235                        </p></li><li><p><em class="parameter"><code>N</code></em> - Newer than. Must be followed
236                        by the name of a file whose date is compared against files found
237                        on the share during a create. Only files newer than the file
238                        specified are backed up to the tar file. Useful only with the
239                        <em class="parameter"><code>c</code></em> flag. </p></li><li><p><em class="parameter"><code>a</code></em> - Set archive bit. Causes the
240                        archive bit to be reset when a file is backed up. Useful with the
241                        <em class="parameter"><code>g</code></em> and <em class="parameter"><code>c</code></em> flags.
242                        </p></li></ul></div><p><span class="emphasis"><em>Tar Long File Names</em></span></p><p><span><strong class="command">smbclient</strong></span>'s tar option now supports long
243                file names both on backup and restore. However, the full path
244                name of the file must be less than 1024 bytes.  Also, when
245                a tar archive is created, <span><strong class="command">smbclient</strong></span>'s tar option places all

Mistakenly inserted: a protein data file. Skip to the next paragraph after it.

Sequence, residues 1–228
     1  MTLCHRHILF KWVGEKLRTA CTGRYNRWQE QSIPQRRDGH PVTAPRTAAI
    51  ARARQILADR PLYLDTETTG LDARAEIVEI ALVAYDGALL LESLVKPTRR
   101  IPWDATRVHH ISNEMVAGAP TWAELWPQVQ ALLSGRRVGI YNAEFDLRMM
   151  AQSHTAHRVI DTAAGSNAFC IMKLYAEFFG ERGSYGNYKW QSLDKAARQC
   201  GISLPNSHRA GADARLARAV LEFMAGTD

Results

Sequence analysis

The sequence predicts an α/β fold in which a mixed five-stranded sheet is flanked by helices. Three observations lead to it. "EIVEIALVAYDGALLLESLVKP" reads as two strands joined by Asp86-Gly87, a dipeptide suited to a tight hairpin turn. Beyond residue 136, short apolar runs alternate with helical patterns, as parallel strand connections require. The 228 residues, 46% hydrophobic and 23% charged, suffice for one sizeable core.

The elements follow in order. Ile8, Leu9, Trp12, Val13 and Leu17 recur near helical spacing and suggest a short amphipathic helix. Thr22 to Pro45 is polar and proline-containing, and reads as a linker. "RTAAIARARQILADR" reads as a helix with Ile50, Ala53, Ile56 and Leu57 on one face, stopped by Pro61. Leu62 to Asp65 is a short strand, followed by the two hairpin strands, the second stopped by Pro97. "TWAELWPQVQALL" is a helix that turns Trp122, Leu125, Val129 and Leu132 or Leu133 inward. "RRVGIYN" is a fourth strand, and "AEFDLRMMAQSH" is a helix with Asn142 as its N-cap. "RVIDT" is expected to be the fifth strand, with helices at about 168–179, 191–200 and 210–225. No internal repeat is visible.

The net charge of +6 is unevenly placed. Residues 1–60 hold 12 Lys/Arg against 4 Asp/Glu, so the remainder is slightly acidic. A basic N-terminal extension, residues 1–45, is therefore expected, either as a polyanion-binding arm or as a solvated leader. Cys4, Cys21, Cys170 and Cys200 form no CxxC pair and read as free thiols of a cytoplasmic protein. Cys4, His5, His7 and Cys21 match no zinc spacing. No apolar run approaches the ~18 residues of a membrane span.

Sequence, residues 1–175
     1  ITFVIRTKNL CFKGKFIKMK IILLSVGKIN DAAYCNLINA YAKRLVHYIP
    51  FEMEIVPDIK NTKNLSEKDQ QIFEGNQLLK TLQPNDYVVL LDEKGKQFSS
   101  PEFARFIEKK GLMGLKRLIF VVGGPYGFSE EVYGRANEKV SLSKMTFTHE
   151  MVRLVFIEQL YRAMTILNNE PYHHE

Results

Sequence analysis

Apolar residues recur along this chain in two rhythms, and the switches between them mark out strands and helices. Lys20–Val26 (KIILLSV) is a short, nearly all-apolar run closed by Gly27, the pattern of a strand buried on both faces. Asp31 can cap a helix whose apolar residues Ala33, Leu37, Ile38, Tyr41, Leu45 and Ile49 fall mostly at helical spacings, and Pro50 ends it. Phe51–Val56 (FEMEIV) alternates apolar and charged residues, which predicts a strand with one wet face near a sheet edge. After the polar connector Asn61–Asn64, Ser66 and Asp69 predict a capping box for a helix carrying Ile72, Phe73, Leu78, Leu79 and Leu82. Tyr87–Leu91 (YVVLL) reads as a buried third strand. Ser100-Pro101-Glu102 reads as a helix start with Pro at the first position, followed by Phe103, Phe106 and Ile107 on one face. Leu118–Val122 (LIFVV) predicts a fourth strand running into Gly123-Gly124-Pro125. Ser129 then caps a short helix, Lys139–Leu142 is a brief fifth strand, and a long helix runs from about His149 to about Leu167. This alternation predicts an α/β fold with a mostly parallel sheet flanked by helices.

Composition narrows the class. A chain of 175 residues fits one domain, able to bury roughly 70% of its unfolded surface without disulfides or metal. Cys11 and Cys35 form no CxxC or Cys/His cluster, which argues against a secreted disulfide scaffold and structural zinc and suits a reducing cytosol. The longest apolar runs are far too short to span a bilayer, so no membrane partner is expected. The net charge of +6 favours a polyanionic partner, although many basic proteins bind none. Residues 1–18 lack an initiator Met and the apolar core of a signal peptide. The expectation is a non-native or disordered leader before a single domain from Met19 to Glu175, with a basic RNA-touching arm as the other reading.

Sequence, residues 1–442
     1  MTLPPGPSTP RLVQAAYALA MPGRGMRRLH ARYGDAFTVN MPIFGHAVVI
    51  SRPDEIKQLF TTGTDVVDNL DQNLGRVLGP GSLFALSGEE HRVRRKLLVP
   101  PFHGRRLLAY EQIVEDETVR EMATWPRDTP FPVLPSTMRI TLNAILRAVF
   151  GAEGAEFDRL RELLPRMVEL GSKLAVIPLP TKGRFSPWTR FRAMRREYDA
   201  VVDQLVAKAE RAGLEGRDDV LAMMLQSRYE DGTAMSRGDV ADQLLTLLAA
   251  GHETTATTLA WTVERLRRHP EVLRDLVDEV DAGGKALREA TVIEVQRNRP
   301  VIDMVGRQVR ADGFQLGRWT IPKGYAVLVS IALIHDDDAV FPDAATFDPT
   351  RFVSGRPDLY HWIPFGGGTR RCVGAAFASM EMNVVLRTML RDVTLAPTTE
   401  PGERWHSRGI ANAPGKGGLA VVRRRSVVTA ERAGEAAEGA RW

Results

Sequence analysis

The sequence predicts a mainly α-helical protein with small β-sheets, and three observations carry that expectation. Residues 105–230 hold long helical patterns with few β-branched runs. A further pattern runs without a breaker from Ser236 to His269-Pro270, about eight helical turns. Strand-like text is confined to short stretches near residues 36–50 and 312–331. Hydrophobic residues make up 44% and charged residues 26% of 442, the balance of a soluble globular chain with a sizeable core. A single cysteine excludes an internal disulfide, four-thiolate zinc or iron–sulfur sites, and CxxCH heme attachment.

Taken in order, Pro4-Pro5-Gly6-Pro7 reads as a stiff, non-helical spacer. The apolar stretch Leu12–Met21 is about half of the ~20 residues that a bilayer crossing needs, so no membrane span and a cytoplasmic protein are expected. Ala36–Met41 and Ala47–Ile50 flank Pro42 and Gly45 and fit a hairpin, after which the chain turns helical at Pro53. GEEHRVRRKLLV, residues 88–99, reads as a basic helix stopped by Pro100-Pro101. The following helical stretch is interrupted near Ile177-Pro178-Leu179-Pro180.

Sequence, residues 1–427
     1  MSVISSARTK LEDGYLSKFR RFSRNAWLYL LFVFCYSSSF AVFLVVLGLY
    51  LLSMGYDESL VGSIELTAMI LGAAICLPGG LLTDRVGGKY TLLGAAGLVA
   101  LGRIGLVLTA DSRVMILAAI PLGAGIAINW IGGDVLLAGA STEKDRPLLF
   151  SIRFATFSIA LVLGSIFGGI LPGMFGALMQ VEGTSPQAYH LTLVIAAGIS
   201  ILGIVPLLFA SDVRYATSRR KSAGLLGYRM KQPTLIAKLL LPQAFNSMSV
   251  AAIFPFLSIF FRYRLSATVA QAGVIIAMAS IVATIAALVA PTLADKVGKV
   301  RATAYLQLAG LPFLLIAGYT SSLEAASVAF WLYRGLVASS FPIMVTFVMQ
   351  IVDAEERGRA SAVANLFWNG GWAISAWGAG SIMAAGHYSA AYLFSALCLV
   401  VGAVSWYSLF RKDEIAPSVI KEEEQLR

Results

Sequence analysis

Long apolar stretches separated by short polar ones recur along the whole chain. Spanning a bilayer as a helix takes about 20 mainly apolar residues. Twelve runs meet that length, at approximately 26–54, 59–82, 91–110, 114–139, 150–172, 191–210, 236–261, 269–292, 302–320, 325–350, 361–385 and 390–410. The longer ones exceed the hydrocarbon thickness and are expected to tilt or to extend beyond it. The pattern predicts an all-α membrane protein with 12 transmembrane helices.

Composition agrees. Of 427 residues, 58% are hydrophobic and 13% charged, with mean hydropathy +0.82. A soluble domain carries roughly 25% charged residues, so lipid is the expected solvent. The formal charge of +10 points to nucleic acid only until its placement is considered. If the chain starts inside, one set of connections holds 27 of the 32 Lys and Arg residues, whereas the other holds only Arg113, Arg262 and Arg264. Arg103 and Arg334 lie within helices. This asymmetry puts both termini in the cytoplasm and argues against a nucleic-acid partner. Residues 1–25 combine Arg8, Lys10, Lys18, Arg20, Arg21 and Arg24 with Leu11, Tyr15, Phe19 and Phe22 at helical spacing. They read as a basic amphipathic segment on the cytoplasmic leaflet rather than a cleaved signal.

246                files in the archive with relative names, not absolute names.
247                </p><p><span class="emphasis"><em>Tar Filenames</em></span></p><p>All file names can be given as DOS path names (with '\\'
248                as the component separator) or as UNIX path names (with '/' as
249                the component separator). </p><p><span class="emphasis"><em>Examples</em></span></p><p>Restore from tar file <code class="filename">backup.tar</code> into myshare on mypc
250                (no password on share). </p><p><span><strong class="command">smbclient //mypc/yshare "" -N -Tx backup.tar
251                </strong></span></p><p>Restore everything except <code class="filename">users/docs</code>
252                </p><p><span><strong class="command">smbclient //mypc/myshare "" -N -TXx backup.tar
253                users/docs</strong></span></p><p>Create a tar file of the files beneath <code class="filename">
254                users/docs</code>. </p><p><span><strong class="command">smbclient //mypc/myshare "" -N -Tc
255                backup.tar users/docs </strong></span></p><p>Create the same tar file as above, but now use
256                a DOS path name. </p><p><span><strong class="command">smbclient //mypc/myshare "" -N -tc backup.tar
257                users\edocs </strong></span></p><p>Create a tar file of the files listed in the file <code class="filename">tarlist</code>.</p><p><span><strong class="command">smbclient //mypc/myshare "" -N -TcF
258                backup.tar tarlist</strong></span></p><p>Create a tar file of all the files and directories in
259                the share. </p><p><span><strong class="command">smbclient //mypc/myshare "" -N -Tc backup.tar *
260                </strong></span></p></dd><dt><span class="term">-D initial directory</span></dt><dd><p>Change to initial directory before starting. Probably
261                only of any use with the tar -T option. </p></dd><dt><span class="term">-c command string</span></dt><dd><p>command string is a semicolon-separated list of
262                commands to be executed instead of prompting from stdin. <em class="parameter"><code>